This article was published in Australian Dictionary of Biography, Volume 12, (MUP), 1990
Henry St John Somerset (1875-1952), metallurgist, was born on 28 February 1875 at Fortitude Valley, Brisbane, third child of Henry Saint John Somerset, civil service clerk, and his wife Sarah Walker, née Forbes. He attended Brisbane Grammar School where he studied mineralogy and chemistry under J. B. Henderson. On leaving school, Henry studied in Brisbane for a year with analyst Joseph Fletcher and for a further sixteen months with analyst and assayer G. K. Irvine. In 1894 Somerset joined the Mount Morgan Gold Mining Co. as assistant assayer and analyst, rising to the position of chief assayer in 1896 and later to chief metallurgist; due to some disagreement with the management, he resigned in 1912 and spent the next two years in Sydney as an investor, living at Hunters Hill.
Great Cobar Ltd, which operated an important copper mine and smelter at Cobar, New South Wales, engaged him as chief metallurgist in 1914, but in 1916 he was attracted to Broken Hill Associated Smelters Pty Ltd at Port Pirie, South Australia. There he became plant superintendent and general superintendent (1917-25). His son recalled their departure when the 'whole town turned out to say farewell, brass band, detonators on the railway line, the lot'. In 1926 Somerset moved to Melbourne as general manager of the Electrolytic Zinc Co. of Australasia Ltd. He was appointed managing director in 1945 and retired in 1947. Somerset held a founding directorship in Associated Pulp & Paper Mills Ltd and was a director of Australian Fertilizers Pty Ltd. A member (1898) and senior member (1949) of the Australasian Institute of Mining and Metallurgy, he was a councillor in 1926-47, vice-president in 1927-30 and president in 1931. He was a member of the Institution of Mining and Metallurgy, London, and fellow of the Australian Chemical Institute. In 1944 he was president of the Australian Mines and Metals Association Inc.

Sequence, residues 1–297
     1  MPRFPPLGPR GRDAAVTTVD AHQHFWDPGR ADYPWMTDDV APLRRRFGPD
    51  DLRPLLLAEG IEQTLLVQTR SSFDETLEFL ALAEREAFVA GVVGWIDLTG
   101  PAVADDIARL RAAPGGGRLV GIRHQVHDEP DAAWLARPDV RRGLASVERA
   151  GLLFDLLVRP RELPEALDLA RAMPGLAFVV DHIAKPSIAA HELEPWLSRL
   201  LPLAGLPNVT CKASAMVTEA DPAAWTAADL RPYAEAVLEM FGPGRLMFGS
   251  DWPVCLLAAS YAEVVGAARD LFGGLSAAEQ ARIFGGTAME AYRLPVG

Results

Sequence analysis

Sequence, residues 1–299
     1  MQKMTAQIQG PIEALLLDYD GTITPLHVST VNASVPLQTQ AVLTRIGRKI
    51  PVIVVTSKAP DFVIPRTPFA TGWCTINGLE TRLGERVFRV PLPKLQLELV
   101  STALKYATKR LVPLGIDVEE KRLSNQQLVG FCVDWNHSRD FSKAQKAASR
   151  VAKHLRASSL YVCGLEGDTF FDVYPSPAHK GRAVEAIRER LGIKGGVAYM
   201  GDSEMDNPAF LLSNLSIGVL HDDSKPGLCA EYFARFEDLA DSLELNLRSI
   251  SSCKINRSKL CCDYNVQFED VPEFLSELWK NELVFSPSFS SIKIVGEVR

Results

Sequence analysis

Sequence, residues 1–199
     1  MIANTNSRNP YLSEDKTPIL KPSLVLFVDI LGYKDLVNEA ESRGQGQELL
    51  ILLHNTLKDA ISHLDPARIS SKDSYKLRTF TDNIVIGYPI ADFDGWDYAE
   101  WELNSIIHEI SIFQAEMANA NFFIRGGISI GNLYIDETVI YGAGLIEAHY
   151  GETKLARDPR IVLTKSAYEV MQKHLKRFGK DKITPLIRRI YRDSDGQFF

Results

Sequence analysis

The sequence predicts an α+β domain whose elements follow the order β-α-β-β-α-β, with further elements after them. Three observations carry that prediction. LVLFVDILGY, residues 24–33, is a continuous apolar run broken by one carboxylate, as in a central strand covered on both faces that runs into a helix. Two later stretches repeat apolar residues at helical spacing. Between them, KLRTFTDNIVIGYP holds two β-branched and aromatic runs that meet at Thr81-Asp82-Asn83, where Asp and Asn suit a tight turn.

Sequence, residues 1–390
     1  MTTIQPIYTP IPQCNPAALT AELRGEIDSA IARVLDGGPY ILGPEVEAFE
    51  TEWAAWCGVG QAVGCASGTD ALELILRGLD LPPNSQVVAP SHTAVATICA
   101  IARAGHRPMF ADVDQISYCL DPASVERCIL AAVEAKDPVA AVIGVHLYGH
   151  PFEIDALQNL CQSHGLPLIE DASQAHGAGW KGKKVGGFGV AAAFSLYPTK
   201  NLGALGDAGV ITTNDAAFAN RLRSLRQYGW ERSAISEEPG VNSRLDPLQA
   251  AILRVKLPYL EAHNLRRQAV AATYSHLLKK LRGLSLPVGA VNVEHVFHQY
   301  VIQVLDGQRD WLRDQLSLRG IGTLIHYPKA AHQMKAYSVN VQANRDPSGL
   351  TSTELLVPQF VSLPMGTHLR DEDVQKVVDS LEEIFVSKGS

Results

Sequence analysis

Somerset's contributions to the mining, metallurgical, papermaking and fertiliser industries lay in his inspiring leadership of research, operating and business teams. He was highly respected, in particular by Sir Alexander Stewart and Sir Colin Fraser. Somerset's short but comfortably ample stature accompanied a strong but pleasant and likeable personality. His clubs included the Australian and Athenaeum in Melbourne, and the Tasmanian; he belonged to the Metropolitan and the Peninsula golf clubs, and lived at Toorak. He died on 30 September 1952 in a private hospital in East Melbourne and was cremated; his estate was sworn for probate at £53,173. On 23 February 1905 at All Saints Anglican Church, Hunters Hill, Sydney, he had married Jessie Bowie, daughter of J. B. Wilson; she survived her husband with two sons, one of whom (Sir) Henry Beaufort Somerset also had a distinguished career in the papermaking and mining industries.
D. F. Fairweather, 'Somerset, Henry St John (1875–1952)', Australian Dictionary of Biography, National Centre of Biography, Australian National University, http://adb.anu.edu.au/biography/somerset-henry-st-john-8579/text14977, accessed 26 May 2013.
This article was first published in hardcopy in Australian Dictionary of Biography, Volume 12, (MUP), 1990